The daily Nebraskan. ([Lincoln, Neb.) 1901-current, March 25, 1968, Image 1

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Monday, March 25, 1968
The Daily Nebraskan
Vol. 91, No. 84
HThe M
! ALU Inr
NAACP faces problems
with Lincoln branch
by Jim Evinger
Senior Staff Writer
Attempts by the Lincoln chap
ter of the National Association
for the Advancement of Colored
People (NAACP) to establish a
youth branch met definite prob
lems at its Sunday meeting.
Charles Mays, NAACP regional
representative for the youth and
college division, outlined what a
youth organization in Lincoln
could do to solve problems facing
the Negro community.
Most of the young adults who
attended were University students,
and the majority of them were
It was agreed that the youth
branch should be made up of Lin
coln teenagers who could work on
projects and provide their own
Part of the problem in organi
zing a youth branch is that the
Lincoln NAACP branch is inef
fective, according to Dr. Patrick
Wells, Lincoln branch president,
and a member of the University
College of Pharmacy.
Wells said that at the monthly
meetings only six adults regular
ly attend. He expressed his frus-
Pillar talk . . .
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Open issues prompt
formation of CSP
tration in that often the group
finds itself duplicating efforts of
other organizations to help L i n
coln's Negroes.
A young Negro history teacher
at Union College in Lincoln said
the Lincoln branch should become
more relevant to the Negro com
munity by helping high school
students find jobs and get into
Well replied there are other
agencies in town which can and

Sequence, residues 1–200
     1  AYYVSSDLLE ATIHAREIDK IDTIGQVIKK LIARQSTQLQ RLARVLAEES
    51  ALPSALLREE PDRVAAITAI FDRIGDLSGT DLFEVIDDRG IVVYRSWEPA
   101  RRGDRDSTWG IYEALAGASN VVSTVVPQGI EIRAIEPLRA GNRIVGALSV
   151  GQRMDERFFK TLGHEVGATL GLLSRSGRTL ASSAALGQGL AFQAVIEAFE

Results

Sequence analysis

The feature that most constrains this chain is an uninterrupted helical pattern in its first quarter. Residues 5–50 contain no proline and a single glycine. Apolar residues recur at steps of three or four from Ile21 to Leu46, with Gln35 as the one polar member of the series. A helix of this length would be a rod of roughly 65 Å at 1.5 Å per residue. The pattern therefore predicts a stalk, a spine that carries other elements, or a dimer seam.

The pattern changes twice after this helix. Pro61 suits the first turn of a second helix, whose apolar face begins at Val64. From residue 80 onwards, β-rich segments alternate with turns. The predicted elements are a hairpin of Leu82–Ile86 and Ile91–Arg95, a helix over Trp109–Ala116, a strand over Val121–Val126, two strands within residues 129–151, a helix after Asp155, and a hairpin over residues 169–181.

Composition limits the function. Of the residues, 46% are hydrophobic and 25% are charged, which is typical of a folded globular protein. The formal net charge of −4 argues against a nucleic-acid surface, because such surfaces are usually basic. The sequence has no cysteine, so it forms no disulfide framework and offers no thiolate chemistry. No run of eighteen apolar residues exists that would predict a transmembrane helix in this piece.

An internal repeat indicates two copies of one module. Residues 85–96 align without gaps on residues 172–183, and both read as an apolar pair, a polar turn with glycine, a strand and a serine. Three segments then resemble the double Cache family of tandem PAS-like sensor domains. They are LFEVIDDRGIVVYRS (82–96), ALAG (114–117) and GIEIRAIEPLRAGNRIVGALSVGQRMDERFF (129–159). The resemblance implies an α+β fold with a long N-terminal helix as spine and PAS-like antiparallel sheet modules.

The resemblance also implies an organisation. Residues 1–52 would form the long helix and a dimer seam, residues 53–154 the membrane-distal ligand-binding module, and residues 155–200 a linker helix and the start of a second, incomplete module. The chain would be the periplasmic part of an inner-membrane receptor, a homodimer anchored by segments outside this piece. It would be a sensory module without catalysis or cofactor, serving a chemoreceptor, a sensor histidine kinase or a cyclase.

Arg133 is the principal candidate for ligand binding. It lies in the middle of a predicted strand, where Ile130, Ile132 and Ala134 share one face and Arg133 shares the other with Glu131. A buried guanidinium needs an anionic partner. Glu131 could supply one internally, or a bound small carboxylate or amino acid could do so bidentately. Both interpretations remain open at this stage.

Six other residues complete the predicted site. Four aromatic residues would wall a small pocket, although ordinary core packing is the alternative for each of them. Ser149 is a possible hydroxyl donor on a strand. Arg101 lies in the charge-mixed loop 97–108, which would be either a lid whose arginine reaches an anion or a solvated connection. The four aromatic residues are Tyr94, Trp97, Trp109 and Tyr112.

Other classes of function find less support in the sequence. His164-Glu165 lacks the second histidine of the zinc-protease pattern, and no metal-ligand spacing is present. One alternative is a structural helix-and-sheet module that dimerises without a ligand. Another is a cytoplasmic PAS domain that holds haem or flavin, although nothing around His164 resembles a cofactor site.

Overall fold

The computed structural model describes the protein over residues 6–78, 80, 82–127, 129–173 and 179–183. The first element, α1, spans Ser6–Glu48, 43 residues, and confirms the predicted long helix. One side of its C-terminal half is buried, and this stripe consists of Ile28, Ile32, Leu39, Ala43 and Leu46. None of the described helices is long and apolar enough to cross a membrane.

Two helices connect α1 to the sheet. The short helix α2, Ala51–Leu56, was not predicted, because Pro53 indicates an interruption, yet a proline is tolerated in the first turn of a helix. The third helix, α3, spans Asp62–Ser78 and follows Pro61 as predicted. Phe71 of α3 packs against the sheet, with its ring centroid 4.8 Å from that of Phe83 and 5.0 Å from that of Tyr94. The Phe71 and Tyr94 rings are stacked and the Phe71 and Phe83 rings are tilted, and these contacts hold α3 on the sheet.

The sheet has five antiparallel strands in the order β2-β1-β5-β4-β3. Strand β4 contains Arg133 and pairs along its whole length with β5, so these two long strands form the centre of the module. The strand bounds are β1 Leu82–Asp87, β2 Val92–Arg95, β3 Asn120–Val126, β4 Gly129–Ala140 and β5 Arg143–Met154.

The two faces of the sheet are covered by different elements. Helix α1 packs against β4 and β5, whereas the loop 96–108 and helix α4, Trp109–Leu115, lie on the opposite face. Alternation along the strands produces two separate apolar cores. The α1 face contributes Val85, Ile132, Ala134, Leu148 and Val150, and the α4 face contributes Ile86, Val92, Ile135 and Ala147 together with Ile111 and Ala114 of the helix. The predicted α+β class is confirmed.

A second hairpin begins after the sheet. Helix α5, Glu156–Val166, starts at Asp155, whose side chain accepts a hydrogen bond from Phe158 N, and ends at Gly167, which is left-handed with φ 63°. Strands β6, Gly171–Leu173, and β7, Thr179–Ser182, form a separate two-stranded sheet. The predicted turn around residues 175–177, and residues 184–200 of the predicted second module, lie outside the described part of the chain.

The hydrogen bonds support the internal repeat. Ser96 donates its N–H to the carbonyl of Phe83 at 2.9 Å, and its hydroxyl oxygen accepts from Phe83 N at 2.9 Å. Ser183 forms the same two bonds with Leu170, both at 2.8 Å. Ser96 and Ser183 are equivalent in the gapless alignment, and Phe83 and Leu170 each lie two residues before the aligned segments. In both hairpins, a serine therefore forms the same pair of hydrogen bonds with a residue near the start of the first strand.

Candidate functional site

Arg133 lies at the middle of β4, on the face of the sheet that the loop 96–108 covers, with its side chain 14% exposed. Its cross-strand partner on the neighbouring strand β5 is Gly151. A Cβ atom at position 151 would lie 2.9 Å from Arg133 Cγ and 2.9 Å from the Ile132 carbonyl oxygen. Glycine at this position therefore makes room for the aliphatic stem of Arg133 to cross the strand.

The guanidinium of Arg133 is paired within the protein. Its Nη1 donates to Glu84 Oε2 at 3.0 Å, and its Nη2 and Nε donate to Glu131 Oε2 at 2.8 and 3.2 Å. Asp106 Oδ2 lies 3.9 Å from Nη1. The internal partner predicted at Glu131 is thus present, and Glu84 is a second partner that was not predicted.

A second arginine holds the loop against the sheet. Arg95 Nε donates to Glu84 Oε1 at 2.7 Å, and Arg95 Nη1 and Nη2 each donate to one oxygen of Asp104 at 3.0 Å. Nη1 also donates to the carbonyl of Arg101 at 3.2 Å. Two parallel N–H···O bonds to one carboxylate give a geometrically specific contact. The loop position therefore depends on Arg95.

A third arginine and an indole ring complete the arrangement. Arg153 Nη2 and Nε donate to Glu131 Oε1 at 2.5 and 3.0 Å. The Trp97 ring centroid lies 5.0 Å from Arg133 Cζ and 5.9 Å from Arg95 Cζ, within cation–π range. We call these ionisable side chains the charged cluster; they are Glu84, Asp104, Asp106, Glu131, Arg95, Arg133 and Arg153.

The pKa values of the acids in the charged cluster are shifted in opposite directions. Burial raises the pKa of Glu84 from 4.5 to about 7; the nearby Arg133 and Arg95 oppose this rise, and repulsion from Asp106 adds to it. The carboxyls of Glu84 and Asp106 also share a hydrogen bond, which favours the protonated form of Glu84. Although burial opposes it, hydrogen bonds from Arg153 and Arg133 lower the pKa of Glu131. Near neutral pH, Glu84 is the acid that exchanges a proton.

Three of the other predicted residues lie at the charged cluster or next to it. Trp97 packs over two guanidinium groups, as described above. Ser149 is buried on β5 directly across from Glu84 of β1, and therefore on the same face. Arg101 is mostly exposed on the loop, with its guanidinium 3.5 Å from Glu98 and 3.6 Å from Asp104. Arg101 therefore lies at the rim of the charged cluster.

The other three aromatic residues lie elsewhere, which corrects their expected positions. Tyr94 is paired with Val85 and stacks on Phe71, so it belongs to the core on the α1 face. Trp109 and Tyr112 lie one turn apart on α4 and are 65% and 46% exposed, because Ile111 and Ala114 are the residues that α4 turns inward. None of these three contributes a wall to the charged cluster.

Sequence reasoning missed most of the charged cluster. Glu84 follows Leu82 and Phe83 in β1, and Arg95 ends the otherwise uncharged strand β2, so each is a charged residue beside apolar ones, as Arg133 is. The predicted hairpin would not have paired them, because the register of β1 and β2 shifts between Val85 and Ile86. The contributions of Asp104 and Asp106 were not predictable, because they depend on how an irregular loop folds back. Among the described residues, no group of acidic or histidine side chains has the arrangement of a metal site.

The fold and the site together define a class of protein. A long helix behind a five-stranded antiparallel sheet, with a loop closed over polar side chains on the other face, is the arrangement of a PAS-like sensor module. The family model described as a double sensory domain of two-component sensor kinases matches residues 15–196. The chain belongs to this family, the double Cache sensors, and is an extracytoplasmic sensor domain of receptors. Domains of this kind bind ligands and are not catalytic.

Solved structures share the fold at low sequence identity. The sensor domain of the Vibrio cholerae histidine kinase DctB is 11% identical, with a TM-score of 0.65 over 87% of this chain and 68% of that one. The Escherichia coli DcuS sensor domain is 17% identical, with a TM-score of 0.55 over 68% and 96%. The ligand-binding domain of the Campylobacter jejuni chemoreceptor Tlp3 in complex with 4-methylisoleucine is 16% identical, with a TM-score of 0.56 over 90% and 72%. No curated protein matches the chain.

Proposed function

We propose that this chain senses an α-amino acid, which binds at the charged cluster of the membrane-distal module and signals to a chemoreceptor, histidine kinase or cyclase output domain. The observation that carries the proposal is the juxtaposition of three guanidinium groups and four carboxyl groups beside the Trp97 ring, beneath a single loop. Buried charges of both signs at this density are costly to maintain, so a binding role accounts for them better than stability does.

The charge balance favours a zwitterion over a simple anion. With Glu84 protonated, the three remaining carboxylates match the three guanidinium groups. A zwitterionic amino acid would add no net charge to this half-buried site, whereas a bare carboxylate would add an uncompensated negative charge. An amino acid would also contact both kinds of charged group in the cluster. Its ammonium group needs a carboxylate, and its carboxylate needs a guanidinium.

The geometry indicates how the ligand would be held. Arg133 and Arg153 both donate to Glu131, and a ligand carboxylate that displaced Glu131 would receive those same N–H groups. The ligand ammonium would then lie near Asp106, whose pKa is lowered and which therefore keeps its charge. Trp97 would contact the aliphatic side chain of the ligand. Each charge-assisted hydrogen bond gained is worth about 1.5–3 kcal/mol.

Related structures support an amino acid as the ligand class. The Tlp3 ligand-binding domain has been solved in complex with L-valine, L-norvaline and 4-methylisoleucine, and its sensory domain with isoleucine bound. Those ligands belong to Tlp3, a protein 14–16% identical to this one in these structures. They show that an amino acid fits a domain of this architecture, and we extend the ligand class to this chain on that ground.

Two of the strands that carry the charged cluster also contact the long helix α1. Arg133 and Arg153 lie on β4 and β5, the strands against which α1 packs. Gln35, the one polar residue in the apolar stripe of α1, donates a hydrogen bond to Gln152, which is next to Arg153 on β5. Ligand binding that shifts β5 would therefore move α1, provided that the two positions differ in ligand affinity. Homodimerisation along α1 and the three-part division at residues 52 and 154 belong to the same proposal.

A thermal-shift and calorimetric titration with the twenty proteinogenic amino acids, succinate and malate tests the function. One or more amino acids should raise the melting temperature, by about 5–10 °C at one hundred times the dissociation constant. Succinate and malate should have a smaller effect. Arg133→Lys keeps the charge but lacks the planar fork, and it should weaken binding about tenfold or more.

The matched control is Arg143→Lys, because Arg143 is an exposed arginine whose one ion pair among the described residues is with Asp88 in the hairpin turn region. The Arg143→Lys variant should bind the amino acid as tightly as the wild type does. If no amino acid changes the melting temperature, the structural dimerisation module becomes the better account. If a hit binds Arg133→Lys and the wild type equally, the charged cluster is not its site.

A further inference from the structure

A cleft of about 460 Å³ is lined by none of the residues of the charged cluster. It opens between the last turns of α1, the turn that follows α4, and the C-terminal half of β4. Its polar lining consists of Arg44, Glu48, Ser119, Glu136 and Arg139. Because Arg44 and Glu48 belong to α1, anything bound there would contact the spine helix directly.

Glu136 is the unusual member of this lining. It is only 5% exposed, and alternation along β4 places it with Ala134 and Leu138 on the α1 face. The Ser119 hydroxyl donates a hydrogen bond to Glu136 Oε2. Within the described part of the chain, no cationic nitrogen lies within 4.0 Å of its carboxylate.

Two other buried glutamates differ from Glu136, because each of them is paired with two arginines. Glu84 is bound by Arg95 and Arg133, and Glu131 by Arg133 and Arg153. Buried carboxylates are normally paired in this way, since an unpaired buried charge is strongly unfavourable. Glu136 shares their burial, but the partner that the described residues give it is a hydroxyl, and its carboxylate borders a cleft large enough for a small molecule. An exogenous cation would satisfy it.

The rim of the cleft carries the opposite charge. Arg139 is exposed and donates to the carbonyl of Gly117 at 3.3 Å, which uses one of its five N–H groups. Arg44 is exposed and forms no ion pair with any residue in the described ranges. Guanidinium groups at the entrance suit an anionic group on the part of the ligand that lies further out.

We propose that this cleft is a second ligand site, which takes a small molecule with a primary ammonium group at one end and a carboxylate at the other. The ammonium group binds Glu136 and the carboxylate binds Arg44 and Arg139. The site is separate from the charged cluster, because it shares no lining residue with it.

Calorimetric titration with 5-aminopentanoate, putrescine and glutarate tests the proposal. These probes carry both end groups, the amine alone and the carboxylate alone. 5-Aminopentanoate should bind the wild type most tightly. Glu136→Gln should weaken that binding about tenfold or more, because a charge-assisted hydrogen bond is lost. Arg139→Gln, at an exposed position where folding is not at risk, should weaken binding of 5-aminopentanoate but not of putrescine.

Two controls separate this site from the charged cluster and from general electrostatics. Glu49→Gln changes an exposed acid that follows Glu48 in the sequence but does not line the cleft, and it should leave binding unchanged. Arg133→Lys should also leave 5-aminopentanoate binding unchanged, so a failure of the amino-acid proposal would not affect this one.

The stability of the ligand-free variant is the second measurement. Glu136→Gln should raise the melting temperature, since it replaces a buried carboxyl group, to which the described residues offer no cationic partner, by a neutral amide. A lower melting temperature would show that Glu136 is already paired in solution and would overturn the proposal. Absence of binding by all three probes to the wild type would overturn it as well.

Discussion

actually do a more effective job
of aiding the Negroes than the
Mays listed four areas in which
youth branch could work:
work for the inclusion of text
books in the Lincoln public school
system which include Negro his
tory and are multi-cultural.
work for the passage of a
minimum housing code, similar to
the one which was defeated last
fall by Lincoln voters.
work to establish a counseling
service in the Lincoln school sys
tem which would provide aca
d e m i c counseling, job referral
service, and encourage Negro
youth to go on to college.
work to improve the employ
ment situation for Negroes in Lin
coln. Mays said the situation was
not too bad. but there was a de
gree of underemployment.
'Burn someone'
One Negro University student
said before the local NAACP chap
ter could be effective, it would be
necessary to "burn" someone.
He said this meant legal prose
cution of someone in Lincoln who
had actually discriminated against
minority groups in the area of
housing or employment.
Wells answered by saying noth
ing would please him more than
to have someone file a complaint
"with him regarding such an in
stance of actual discrimination.
Mays 6aid there are govern
ment funds available for p u b 1 uc
school systems to replace out
dated textbooks with those which
are not simply white culturally
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Photo by Du Ladeljr
A city policeman is stopped by a University "bunny"